so the relational operations. and ⊕.4. such as ◦. may be used on functions.3 Functions Relational operations on functions 107 Functions are just a special kind of relation. an injection – and composition. and some preserve other properties such as injectivity. Many of these operations yield functions when applied to functions. The identity relation is a function – in fact. restriction and overriding map functions to functions: £ S ⊆ X ⇒ id S ∈ X X id X ∈ X ¨ .

and inversion maps injections to injections: f f f f ∈X ∈X ∈X ∈X ¨ ¨ ¨ ¨ Y Y Y Y ∧g ∈Y Z ⇒g ◦f ∈X ⇒S f ∈X Y ⇒f T ∈X Y ∼ ⇒f ∈Y X. . The last two laws are special cases of the laws that any subset of a function is a function. and any subset of an injection is an injection: f ∈X f ∈X ¡ ¨ Y ∧g ⊆f ⇒g ∈X Y ∧g ⊆f ⇒g ∈X ¡ ¨ Y Y. set-theoretic operations may be used to combine functions. X Z ⇒g ◦f ∈X Z Z ∧ ran f ⊆ dom g ⇒ g ◦ f ∈ X ¡ ¡ ¡ ¡ ¡ f ∈X f ∈X ¡ ¡ Y ∧g ∈Y Y ∧g ∈Y ¡ Z f ∈X f ∈X ¡ Y ⇒S Y ⇒f ¤ ¡ £ f ∈X T ∈X ¡ ¡ Y Y ¡ f ∈X Y ∧g ∈X Y ⇒f ⊕g ∈X Y. The composition of two injections and the restriction of an injection are again injections. Note especially that the union of two functions is a function only if they agree on the intersection of their domains: f ∈X Y ∧g ∈X Y ∧ (dom f ) g = (dom g ) f ⇒ f ∪ g ∈ X ¡ ¡ £ £ ¡ Y f ∈X f ∈X ¡ ¨ Y ∧g ∈X Y ∧g ∈X ¡ ¨ Y ⇒f ∩g ∈X Y ⇒f ∩g ∈X ¡ ¨ Y Y. ¨ ¨ £ ¨ ¤ ¨ ¨ Z Finally.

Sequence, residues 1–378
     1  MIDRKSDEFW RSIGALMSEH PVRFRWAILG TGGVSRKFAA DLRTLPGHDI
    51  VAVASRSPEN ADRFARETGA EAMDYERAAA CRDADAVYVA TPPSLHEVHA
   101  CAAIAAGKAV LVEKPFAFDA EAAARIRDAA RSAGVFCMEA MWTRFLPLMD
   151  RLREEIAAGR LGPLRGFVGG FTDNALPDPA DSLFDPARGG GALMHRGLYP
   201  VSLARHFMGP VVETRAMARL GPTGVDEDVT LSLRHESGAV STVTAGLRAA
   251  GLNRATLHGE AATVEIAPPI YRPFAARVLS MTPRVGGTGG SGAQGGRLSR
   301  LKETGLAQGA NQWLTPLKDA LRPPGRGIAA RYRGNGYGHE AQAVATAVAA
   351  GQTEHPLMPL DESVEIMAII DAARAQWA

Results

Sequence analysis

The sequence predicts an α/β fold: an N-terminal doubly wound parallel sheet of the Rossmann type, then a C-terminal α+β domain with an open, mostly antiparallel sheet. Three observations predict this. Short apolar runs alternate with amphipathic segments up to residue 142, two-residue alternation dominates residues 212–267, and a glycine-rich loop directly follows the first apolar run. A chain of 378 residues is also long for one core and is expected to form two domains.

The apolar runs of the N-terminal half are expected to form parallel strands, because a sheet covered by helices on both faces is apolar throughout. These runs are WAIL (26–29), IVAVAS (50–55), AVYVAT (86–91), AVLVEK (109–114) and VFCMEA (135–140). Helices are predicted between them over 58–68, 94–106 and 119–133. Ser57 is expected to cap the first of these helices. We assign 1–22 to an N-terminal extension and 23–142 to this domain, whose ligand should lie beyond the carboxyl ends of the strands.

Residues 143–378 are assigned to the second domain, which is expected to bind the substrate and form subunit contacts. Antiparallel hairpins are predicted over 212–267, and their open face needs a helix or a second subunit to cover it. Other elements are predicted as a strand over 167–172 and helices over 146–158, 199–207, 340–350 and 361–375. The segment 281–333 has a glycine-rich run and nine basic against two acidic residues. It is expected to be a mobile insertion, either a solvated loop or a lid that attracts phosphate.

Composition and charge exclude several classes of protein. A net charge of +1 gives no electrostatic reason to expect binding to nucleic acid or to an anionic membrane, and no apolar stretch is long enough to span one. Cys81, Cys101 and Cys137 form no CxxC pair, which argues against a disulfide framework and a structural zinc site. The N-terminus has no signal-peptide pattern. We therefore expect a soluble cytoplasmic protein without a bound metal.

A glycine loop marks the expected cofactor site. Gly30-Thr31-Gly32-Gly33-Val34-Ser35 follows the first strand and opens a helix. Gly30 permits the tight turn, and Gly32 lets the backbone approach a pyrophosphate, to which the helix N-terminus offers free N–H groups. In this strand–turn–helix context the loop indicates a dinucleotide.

−2. . . . ≥ . 2. > . and is the set of integers {. Numbers may be compared with the usual ordering relations. 2. . 1. ∗ : × div . Integer division and the modulo operation use truncation towards minus inﬁnity.4 Numbers and ﬁniteness Name +.}.}. Description is the set of natural numbers {0. −. . The usual arithmetic operations of addition. multiplication. Negative numbers may be written down using the unary minus function (−). . subtraction. integer division and modulo are provided. div. . 1. > Deﬁnition [ ] – Natural numbers – Integers – Arithmetic operations – Numerical comparison + . . . ≤ . ≥. : == { n : | n ≥ 0} Notation Decimal notation may be used for elements of . ∗. . . mod : × ( \ {0}) −: ¡ ¡ ¡ < .108 The Mathematical Tool-kit 4. . −1. 0. so that they together obey the three laws listed below. Laws b > 0 ⇒ 0 ≤ a mod b < b b = 0 ⇒ a = (a div b ) ∗ b + a mod b b = 0 ∧ c = 0 ⇒ (a ∗ c ) div (b ∗ c ) = a div b . ≤. . − . mod <. deﬁnitions omitted .